The recharge has been substantial enough to enable the city to stop buying water from the MWRA as of Dec. 2, resulting in savings of approximately $55,000 per day, Mr. Guerin reported.
The city’s reservoir capacity is at 56 percent as of Jan. 1. This is up from December’s capacity of 52 percent and from the 47 percent capacity #8211; the lowest capacity recorded all year #8211; in mid-November, according to Mr. Guerin
Nevertheless, above-average rainfall (including most notably the 4.1-inches of rain recorded Oct. 21), supplementary water from the MWRA, and conservation among city residents has given reservoirs a chance to recharge.
Meanwhile, average water use in the city in December dropped to 19.8 million gallons per day from an average of 21 million gallons per day in December 2015, meaning residents are doing their part to conserve, Mr. Guerin said.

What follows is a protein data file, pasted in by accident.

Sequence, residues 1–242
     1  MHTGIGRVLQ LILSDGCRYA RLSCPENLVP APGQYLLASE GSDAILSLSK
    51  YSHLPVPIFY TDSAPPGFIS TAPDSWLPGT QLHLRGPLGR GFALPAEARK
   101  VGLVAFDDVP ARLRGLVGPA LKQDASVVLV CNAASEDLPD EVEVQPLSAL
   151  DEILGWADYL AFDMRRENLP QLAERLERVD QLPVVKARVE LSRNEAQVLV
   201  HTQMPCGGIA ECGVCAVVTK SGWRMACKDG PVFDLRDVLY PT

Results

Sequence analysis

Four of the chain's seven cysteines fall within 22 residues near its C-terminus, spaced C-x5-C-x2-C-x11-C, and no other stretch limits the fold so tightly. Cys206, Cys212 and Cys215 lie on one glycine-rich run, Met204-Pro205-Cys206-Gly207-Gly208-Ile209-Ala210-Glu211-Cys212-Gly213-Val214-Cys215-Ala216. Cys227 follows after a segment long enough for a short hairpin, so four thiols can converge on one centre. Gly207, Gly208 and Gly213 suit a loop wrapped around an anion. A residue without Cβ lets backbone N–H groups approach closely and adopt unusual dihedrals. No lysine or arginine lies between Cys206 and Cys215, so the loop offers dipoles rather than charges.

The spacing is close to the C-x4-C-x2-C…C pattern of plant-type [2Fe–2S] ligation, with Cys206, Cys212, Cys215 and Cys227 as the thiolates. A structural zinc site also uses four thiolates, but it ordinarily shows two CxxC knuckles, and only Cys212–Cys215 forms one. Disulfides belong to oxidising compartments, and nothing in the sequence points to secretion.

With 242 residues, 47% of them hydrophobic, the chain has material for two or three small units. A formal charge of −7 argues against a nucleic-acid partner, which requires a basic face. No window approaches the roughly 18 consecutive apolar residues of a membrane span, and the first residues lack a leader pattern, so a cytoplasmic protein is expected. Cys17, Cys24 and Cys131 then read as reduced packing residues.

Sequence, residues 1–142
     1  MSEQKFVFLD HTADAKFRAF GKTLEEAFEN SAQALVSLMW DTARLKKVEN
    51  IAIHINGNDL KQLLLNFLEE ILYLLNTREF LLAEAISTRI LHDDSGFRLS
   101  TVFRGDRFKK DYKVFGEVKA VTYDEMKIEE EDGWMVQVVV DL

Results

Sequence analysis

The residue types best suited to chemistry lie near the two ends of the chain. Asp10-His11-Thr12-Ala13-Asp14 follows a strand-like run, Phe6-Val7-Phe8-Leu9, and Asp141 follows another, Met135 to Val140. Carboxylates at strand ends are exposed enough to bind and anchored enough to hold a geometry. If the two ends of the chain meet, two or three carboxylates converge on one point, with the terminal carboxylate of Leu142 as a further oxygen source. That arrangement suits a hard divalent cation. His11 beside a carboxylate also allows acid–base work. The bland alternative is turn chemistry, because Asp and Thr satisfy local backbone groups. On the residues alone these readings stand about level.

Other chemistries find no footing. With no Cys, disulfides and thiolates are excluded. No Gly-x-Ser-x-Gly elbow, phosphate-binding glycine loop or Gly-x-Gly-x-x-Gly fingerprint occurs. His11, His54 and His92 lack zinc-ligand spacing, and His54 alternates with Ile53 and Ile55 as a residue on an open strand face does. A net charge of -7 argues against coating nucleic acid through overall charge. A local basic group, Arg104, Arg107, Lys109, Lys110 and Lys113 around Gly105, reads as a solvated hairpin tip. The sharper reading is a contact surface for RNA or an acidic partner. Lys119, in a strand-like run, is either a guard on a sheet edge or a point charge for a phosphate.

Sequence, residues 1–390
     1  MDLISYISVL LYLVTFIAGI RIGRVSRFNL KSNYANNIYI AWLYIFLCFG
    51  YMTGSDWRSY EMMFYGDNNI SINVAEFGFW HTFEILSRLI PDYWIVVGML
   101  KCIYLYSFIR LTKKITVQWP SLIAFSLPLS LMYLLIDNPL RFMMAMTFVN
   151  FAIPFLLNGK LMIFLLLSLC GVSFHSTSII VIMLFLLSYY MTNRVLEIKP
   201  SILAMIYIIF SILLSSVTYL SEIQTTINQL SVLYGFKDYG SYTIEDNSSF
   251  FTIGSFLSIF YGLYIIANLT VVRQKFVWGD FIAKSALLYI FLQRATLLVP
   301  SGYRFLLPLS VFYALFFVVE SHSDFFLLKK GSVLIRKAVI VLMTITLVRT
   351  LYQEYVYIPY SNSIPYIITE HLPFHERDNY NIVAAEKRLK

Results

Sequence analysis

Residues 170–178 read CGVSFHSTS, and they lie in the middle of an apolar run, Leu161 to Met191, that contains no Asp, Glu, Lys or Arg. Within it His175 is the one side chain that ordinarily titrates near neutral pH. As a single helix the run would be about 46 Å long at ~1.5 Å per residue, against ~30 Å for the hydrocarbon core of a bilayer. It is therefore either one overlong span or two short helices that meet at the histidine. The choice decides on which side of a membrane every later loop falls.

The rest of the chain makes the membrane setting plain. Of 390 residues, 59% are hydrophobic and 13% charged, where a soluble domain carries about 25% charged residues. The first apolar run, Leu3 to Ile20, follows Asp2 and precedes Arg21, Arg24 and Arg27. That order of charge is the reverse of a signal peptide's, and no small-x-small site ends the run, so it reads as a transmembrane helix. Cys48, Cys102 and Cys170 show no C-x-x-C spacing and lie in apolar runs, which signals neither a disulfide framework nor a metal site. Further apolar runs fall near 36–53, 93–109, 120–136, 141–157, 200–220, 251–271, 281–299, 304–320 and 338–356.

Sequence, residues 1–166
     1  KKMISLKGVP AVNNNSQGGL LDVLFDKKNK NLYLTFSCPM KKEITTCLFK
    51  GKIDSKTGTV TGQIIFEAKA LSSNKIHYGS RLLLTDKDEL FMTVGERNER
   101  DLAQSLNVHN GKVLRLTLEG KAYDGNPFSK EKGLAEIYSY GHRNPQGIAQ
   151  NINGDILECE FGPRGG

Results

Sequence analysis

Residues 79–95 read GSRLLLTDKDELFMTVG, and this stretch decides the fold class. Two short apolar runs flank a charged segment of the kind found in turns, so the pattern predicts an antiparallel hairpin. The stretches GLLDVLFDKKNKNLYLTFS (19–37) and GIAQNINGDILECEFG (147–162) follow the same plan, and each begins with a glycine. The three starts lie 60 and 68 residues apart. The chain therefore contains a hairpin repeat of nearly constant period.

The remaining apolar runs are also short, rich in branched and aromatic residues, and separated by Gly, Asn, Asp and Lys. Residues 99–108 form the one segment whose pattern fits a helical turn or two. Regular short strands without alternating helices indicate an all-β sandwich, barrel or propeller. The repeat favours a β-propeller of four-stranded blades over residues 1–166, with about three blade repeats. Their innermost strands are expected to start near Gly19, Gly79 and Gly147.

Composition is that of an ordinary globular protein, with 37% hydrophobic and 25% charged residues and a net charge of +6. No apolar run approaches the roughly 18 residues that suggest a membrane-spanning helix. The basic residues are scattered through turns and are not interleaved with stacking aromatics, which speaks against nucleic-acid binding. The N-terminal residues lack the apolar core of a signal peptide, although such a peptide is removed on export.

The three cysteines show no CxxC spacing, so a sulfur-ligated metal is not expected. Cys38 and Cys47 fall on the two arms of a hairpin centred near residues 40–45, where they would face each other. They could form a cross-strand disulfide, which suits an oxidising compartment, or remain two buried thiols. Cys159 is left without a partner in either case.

“Let’s say we’re cautiously optimistic,” said Philip D. Guerin, director of water and sewer operations for Worcester. “We have been for the most part gaining capacity since the middle of November, but it has been a slow process … we are finally gaining, but we are still well below average.”
But Mr. Guerin cautioned that the city “is not necessarily out of the woods.” A cold and dry remainder to the winter could limit or reverse the recharge of the reservoirs, he said. Mr. Guerin said he is monitoring the drought situation and will prepare a report to the City Council in the middle of this month concerning future steps.
As for the regional outlook, scientists with the U.S. Drought Monitor upgraded an east-to-west, hourglass-shaped swath of central and northeastern Worcester County from extreme to severe drought status Thursday. This means no part of Worcester County remains in extreme drought conditions. The area of southern Worcester County in moderate drought conditions remained the same, according to the map. The associated drought monitor report cited low temperatures limiting evaporation and above-average precipitation in October and November.